Artist Steve Stiles, 76, died January 12, 2020 shortly after announcing a diagnosis of terminal cancer. He lived in Maryland. Stiles was one of fandom’s best-known artists, first nominated for a Best Fan Artist Hugo in 1967, and winning in 2016; he received 17 nominations in all. He won 15 FAAn Awards for his fanzine work (the first in 2001, the last in 2016), and in 1998 won the first
Author and legendary Rush drummer and lyricist, Neil Peart, 67, died on January 7, 2020, after a long struggle with brain cancer. Neil Ellwood Peart was born September 15, 1952 in Hamilton, Ontario and joined the band Rush in 1974. Peart played with lead singer and bassist Geddy Lee and guitarist Alex Lifeson for 45 years to sell-out audiences in the largest venues until the band’s retirement in 2015. Rush
Little changes this week, but notable is that the trade paperback of Richard Powers’ The Overstory has been on lists 40 weeks in a row since the novel won the Pulitzer Prize in April 2019.
Joseph Edward Abercrombie was born December 31, 1974 in Lancaster, England. He attended Manchester University, where he studied psychology. He worked at a TV post-production company and as a film editor before becoming a full-time writer. He was a finalist for the John W. Campbell Award for Best New Writer in 2008. His debut The Blade Itself (2006) was shortlisted for the Compton Crook Award for best first novel, and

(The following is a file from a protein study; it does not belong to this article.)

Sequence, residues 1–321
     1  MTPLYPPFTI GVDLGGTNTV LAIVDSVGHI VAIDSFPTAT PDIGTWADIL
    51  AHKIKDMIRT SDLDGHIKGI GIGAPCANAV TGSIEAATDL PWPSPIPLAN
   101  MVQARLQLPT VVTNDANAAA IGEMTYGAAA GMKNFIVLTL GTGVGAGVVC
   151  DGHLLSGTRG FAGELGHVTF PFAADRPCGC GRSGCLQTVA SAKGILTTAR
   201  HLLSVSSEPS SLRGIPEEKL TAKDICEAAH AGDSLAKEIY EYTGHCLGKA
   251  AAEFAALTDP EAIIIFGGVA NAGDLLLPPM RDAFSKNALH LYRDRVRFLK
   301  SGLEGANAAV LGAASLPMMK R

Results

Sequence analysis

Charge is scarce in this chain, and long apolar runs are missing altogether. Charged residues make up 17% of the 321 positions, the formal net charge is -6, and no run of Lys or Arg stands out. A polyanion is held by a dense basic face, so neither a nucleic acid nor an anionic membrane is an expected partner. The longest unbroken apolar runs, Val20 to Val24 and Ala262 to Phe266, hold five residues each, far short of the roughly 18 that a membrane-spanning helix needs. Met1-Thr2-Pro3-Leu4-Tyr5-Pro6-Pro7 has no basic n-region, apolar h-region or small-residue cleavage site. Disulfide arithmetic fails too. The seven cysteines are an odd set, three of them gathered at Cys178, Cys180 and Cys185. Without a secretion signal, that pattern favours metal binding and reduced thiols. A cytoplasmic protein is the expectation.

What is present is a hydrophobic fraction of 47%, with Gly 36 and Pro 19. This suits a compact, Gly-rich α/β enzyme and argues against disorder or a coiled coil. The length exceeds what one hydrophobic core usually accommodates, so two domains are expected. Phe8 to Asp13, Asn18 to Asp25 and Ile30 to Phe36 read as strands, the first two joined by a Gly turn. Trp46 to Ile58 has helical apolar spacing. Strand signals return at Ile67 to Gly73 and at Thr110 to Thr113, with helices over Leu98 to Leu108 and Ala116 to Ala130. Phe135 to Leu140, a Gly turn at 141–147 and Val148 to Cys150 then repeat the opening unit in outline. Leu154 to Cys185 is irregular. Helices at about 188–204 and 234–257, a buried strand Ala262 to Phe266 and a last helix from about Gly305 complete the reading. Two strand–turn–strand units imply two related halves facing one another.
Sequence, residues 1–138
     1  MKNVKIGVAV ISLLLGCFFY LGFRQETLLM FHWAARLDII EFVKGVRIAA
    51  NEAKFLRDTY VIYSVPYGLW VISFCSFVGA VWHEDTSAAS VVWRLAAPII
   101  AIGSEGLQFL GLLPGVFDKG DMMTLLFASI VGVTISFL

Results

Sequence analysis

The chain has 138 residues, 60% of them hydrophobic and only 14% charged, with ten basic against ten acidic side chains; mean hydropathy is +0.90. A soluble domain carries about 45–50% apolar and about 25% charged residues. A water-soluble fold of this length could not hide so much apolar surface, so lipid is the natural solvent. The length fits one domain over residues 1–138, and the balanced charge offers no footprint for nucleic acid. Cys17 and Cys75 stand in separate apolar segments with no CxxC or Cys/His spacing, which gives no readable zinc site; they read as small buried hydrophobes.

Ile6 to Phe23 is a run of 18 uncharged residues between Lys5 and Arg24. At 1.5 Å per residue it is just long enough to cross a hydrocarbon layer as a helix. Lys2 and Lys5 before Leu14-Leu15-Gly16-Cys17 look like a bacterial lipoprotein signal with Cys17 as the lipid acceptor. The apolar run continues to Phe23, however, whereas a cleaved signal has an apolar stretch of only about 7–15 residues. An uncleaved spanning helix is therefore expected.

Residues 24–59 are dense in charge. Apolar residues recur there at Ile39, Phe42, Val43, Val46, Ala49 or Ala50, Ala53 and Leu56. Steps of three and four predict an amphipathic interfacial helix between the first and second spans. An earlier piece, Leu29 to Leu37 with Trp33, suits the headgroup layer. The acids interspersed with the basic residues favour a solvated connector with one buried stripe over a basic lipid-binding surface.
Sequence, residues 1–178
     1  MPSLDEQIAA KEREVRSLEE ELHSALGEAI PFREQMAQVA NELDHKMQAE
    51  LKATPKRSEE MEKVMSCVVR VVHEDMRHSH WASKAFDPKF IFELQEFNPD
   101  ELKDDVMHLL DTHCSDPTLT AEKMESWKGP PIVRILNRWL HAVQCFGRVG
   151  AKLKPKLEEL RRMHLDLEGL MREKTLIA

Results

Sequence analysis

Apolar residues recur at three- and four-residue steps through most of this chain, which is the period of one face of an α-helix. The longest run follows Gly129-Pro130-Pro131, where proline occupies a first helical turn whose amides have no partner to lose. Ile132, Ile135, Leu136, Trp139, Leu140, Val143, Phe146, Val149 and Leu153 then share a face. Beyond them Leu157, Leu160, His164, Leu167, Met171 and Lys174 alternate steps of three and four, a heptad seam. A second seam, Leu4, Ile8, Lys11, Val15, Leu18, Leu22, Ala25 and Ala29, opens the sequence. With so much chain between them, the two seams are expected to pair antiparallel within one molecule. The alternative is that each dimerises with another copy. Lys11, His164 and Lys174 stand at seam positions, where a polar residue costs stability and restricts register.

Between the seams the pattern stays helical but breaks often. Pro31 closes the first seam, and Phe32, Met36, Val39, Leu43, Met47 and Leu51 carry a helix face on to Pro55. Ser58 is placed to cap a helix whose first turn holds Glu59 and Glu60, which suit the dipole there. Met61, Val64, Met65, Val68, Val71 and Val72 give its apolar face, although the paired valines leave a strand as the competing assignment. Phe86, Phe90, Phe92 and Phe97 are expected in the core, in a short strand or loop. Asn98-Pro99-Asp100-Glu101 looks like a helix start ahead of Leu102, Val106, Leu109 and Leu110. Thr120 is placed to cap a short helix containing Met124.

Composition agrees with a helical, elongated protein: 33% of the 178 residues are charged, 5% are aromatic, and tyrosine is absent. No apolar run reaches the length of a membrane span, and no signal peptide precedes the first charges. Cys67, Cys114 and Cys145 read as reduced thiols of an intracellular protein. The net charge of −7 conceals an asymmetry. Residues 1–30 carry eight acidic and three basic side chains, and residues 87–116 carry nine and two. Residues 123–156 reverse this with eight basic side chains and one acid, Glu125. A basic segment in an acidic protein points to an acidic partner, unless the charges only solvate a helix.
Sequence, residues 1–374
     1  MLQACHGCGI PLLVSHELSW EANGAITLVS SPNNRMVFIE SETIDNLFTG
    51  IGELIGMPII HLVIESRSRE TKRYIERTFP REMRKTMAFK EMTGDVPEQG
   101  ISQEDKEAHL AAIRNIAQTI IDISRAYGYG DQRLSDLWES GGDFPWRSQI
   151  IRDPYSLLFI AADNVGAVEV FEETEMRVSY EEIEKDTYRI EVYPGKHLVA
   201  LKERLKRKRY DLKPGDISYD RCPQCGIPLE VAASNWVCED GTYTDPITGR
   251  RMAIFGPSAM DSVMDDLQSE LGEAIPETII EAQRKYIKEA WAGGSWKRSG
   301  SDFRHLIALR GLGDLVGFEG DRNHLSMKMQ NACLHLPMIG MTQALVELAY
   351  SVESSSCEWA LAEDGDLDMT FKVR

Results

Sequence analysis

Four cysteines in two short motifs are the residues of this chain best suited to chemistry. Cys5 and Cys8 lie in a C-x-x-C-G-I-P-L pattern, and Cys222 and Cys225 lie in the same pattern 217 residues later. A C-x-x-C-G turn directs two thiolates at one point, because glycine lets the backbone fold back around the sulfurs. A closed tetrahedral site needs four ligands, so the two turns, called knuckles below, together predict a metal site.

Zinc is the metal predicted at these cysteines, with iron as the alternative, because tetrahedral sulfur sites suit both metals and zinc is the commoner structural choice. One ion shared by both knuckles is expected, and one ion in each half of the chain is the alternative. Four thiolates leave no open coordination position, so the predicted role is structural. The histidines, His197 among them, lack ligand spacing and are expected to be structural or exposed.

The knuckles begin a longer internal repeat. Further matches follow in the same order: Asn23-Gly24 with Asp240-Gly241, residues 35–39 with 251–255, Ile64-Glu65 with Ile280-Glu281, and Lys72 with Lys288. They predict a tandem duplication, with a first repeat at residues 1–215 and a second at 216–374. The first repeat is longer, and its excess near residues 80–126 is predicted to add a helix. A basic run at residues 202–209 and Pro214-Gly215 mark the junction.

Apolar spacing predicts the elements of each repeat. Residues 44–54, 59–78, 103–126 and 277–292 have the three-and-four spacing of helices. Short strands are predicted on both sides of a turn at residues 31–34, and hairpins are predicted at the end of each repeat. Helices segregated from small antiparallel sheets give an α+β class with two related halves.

Paula Guran Reviews Monster, She Wrote by Lisa Kröger & Melanie R. Anderson and The Twisted Ones by T. Kingfisher
Monster, She Wrote: The Women Who Pioneered Horror and Speculative Fiction, Lisa Kröger & Melanie R. Anderson (Quirk 978-1-68369-138-9, $19.99 352pp, hc) September 2019. Monster, She Wrote is a brief, breezy, yet fairly complete overview of women who pioneered horror and related fiction. It’s a fun read, chock-full of authors genre-lovers should know if they don’t already. Forty authors – from Margaret Cavendish (“the Kardashian of her day,” according to
The Institute, Stephen King (Scribner 978-1-9821-1056-7, $30.00, 576pp, hc) September 2019. It wouldn’t be accurate to say that Stephen King’s new novel, The Institute, is a blueprint for his career as a novelist, but in it King reprises themes that he has explored regularly over the past 45 years, notably: children endowed with wild paranormal talents (think Carrie, The Shining, and even End of Watch, the third novel in his
New issues of Abyss & Apex, Aphelion, Clarkesworld, The Dark, Galaxy’s Edge, GigaNotoSaurus, Kaleidotrope, Lightspeed, Nightmare, and Uncanny